The legacy of cheese is neatly presented in The Master Cheesemakers of Wisconsin. So much a part of the soul and vitality of the state, Wisconsin cheese has an illustrious heritage of more than 160 years of quality, taste, and craftsmanship. In 1858, Wisconsin’s first commercial cheese factory was established in Sheboygan Falls. Today, the state is home to approximately 15,000 dairy farms, with over 1.2 million cows, each producing an average of 18,850 pounds of milk per year. The Badger State produces more than six hundred varieties of cheese, from bricks of, well, Brick and stinky Limburger, to such European favorites as Crescenza-Straccino (Italy) and Juustoleipa (Finland), to exotic specialties like cinnamon-ribbed butter jack and chipotle cheddar. The masterminds behind the glorious flavors coming from small-batch producers and the tiny artisanal studios alike are considered master cheesemakers. But where do these people come from, and who decides when someone is ready to become a master cheesemaker?
James Norton, a food editor and blogger, and freelance photographer Becca Dilley embarked on a project to explore the Master Cheesemaker Program run by the Center for Dairy Research at the University of Wisconsin–Madison. They listened to student stories and teacher techniques, hoping to gain a depth of knowledge about the tradition. Norton and Dilley set out to meet each master in person, touring cheese plants across the state. And, of course, they ate cheese.
Wisconsin also has more skilled and licensed cheesemakers than any other state, and Norton and Dilley were able to interview and photograph forty-three of the forty-four master cheesemakers active as of winter 2007–08. What they found were stories of innovation, passion, and perseverance along a path toward a certification that takes between thirteen and fifteen years to complete. The eminently engaging result of their research is the recently published, The Master Cheesemakers of Wisconsin.
Wisconsin, as it turns out, is the only state to offer a master cheesemaker program. The program is rigorous, patterned on exceptionally high European standards. To even get a foot in the door, an applicant must hold a cheese-making license for at least ten years and create one or two chosen varieties of cheese for at least five of those years. Once accepted, students take more than two years of university courses where they undergo constant testing of their cheeses, evaluation of their plant, and grueling oral and written exams. But, it is worth it: Wisconsin’s master cheesemakers currently produce more than thirty varieties of their own invention. They also captured twenty-seven of seventy-seven gold medals at the 2008 World Championship Cheese Contest — more than any other state or country.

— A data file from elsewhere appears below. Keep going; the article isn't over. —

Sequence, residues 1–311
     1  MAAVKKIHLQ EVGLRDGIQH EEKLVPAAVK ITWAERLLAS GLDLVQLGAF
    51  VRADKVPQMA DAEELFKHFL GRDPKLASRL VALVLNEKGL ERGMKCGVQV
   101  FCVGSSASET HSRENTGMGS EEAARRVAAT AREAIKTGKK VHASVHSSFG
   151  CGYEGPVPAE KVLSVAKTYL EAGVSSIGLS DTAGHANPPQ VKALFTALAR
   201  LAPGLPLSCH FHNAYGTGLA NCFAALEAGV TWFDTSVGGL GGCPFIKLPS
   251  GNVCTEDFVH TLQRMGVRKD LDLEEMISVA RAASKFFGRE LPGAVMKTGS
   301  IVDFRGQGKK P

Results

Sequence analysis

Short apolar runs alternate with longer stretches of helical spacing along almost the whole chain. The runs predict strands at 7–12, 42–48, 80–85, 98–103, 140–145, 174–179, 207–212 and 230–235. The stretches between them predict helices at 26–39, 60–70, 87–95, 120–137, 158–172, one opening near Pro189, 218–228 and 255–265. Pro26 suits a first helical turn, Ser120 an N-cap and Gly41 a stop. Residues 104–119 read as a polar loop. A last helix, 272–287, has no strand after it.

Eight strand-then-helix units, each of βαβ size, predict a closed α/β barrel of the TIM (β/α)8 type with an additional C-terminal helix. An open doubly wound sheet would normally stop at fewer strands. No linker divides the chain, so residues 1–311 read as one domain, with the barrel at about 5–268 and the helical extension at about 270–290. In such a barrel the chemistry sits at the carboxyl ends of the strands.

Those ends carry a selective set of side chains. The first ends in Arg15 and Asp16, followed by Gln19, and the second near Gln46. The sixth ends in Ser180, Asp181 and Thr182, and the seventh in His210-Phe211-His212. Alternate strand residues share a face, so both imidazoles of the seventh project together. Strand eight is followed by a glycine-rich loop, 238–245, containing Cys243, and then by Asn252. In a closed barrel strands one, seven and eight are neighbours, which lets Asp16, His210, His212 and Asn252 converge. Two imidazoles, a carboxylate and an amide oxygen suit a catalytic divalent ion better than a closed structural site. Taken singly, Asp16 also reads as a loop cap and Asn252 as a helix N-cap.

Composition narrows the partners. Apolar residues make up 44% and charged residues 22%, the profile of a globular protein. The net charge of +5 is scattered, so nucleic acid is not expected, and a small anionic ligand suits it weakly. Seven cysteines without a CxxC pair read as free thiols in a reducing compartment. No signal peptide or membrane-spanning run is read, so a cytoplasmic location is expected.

Masters cheesemakers can be found at 115 plants across the state. According to Norton and Dilley, while many are “tinkerers, constantly changing recipes and playing with the milk, culture, and rennet in search of some wonderful undiscovered or long-forgotten cheese,” all master cheesemakers are commited to their craft. Readers are introduced to Bruce Workman of Edelweiss Creamery in Monticello, who puts in a full-day’s work even before dawn breaks, and Gianni Toffolon, who came to America from Italy in 1979 to help establish a U.S.-based Italian cheese business. Toffolon arrived in Wisconsin with the address of a cheese plant and a tiny stash of cash, and was soon helping a struggling plant reinvent its product. BelGioioso Cheese has since gone on to win a slew of awards for its mozzarella, provolone, mascarpone cheeses, even gaining recognition for its own special brand of aged Parmesan called, American Grana.
Readers are taken on a journey up and down and over and across the Wisconsin countryside, stopping along the way to peek into cheese vats, learn about unique methods, minds, and machinery, absorb the glossary of local expressions and terms, as well as note and thus appreciate the nuanced processes separating one master cheesemaker’s contribution from the other. The book is crammed with interesting nuggets, er, curds, of information. We learn that the northwestern part of the state is the birthplace of Colby, the venerable Wisconsin original cheese so named for its hometown, and that Green County’s Myron Olson and Jamie Fahrney of Chalet Cheese Cooperative in Monroe are the only two remaining makers of limburger in the U.S.
It’s hard to generalize about cheesemakers, but it’s clear from the profiles included in The Master Cheesemakers of Wisconsin that each emphasizes quality over consistency. Their small volume production, often just a few thousand pounds a day, allows for experimentation with specialty milks — including goat, sheep, pasture-grazed cow — and the production of many different sorts of cheese. Dilley and Norton note some of the common traits found in the daily operations of these master cheesemakers, including their personal handling of the cheese — cutting the curd, turning the cheese as it ages — as well as many other facets of the business.
In the their fine treatment of the subject, Dilley and Norton give us more than just the history and industry statistics behind Wisconsin cheese. The book also contains a “cheese guide” of sorts, organized by region and with helpful maps, tasting notes, and visitor information. The storytelling, done through both words and pictures, is both fun and educational. By connecting us to the hands behind the wheels, this wonderful — and useful — book helps us appreciate those who create 35 percent of all specialty cheeses sold in the United States and help keep Wisconsin on the map.Powered by Sidelines